web analytics
Kalyn's Kitchen

Basil Pesto with Lemon (and Ten Ideas for Using Basil Pesto)

Basil Pesto with Lemon is something I’ve been making for years, and making this perfect low-carb, Keto, low-glycemic, and gluten-free summer sauce with fresh basil from the garden is a long-standing summer tradition for me. Use Fresh Herbs to find more recipes like this one.

Click here to PIN Basil Pesto with Lemon!

Basil Pesto with Lemon

This recipe for Basil Pesto with Lemon makes me remember the first time I tasted basil pesto, which was simply called pesto back in the days before this type of uncooked Italian sauce started being made from many different herbs or vegetables! My first basil pesto was made by a guy named Steve, who not only was a fantastic cook, but who had a food processor! This was years before I thought of purchasing such an exotic cooking tool, but now I can’t imagine living without it.

Since then, I’ve made many types of pesto, and I make basil pesto every year when the garden is bursting with midsummer basil. Many years ago I had the winning idea of adding some fresh-frozen lemon juice to my basil pesto, and I’d never make it again without the lemon, which brightens up the flavor and keeps the pesto bright green much longer in the fridge.

This ultra popular recipe for Basil Pesto with Lemon is my Friday Favorites post for this week, and a reminder to everyone who’s growing basil that it’s time to be trimming the basil and making pesto! And if you really have a lot of basil it’s time to be freezing fresh basil as well!

One of my favorite tricks when I make a lot of pesto is to freeze it in ice cube trays (old ones from the thrift store!) Then when the pesto is frozen, pop the cubes out of the trays, vacuum-pack it with a FoodSaver into a plastic bag, and store in the freezer, and you’ve got fresh-tasting pesto to enjoy all winter! You can also just store the frozen cubes of Pesto in a Ziploc bag, but it keeps better when it’s vacuum packed.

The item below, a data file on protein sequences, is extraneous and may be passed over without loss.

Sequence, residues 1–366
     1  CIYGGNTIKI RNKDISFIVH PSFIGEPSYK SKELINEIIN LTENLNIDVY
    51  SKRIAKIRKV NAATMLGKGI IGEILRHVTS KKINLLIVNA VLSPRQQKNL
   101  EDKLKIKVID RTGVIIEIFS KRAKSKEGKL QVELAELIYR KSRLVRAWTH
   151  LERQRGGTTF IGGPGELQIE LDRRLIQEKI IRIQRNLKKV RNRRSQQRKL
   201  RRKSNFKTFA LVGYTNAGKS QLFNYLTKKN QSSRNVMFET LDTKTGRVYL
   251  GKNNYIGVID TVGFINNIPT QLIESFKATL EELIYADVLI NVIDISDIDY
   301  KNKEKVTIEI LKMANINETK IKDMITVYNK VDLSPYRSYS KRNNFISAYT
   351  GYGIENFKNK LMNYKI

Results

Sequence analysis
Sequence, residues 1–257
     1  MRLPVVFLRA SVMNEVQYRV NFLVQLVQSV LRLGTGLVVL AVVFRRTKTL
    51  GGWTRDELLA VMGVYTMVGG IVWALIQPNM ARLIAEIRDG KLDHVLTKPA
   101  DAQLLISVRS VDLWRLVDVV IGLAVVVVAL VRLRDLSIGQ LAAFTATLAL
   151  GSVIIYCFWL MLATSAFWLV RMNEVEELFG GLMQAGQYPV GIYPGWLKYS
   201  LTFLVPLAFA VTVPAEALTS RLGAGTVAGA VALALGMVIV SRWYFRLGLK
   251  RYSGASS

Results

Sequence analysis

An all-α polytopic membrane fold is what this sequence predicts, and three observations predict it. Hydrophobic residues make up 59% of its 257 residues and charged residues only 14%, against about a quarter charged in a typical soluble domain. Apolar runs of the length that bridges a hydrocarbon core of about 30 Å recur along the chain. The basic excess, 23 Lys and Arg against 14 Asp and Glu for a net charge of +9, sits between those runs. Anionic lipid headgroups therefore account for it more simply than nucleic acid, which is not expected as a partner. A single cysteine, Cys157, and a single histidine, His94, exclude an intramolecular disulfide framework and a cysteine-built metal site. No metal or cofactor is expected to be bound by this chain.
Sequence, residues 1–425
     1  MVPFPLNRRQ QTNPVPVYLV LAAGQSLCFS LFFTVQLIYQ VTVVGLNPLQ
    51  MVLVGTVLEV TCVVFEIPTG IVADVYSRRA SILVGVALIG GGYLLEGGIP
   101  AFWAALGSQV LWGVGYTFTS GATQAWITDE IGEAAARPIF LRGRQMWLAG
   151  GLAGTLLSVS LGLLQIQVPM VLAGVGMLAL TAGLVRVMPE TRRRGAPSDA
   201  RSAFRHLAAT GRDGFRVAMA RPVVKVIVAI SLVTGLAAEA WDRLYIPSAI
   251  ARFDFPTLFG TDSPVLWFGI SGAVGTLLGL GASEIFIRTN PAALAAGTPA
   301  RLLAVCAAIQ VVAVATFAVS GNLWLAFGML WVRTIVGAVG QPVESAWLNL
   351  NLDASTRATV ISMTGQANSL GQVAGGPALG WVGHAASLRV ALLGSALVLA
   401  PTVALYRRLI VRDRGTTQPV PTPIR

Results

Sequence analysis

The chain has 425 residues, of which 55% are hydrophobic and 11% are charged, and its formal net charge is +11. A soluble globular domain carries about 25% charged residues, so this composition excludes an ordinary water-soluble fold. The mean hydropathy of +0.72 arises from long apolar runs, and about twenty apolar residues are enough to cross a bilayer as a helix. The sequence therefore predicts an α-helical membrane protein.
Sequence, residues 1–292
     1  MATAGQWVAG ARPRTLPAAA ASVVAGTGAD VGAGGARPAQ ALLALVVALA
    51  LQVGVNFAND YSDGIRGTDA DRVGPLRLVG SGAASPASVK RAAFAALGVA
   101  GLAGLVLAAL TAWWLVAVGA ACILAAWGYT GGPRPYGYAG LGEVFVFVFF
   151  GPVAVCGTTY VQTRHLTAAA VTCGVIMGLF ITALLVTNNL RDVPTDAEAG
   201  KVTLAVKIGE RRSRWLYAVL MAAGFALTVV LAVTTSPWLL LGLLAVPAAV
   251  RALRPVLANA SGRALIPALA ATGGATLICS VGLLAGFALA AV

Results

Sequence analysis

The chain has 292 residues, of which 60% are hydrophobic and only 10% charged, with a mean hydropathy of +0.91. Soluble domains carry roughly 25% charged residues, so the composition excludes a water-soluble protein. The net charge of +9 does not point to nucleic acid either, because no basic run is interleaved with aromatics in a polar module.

My Pesto never stays around in the fridge that long at my house, but if you want ideas for using it, check out the list in this post or click to see My Favorite Low-Carb and Keto Recipes with Pesto for even more pesto goodness!

Process photo collage for Basil Pesto with Lemon

Steps for Making Basil Pesto with Lemon:

(This is just a description of the steps shown. Scroll down for complete recipe.)

  1. If you’re using basil from the garden, start by rinsing it and drying well. I use a salad spinner, but you can also rinse it in the sink and dry with paper towels.
  2. The 2 cups of basil used in this recipe means a 2 cup measuring cup packed with as much basil as you can fit into it.
  3. Put the basil and garlic cloves into the food processor and process with steel blade until basil and garlic are chopped, adding 1/2 cup olive oil through the feed tube.
  4. Add pine nuts, grated Parmesan cheese, and fresh squeezed or fresh-frozen lemon juice and process until well blended, about 1-2 minutes more.
  5. Season the pesto to taste with a bit of sea salt and some freshly ground black pepper.
  6. I store pesto in a glass jar in the refrigerator, where it will last for more than a week, but it can also be frozen.

basil pesto with lemon

Ten Recipe Ideas for Using Basil Pesto:

1) Make Grilled Zucchini, then top it with a few tablespoons of basil pesto.
2) Use basil pesto in Twice Baked Spaghetti Squash with Pesto and Parmesan.
3) Try Asparagus with Basil Pesto.
4) Make Georgette’s Really Lemony Greek Pilafi, then mix in a little basil pesto.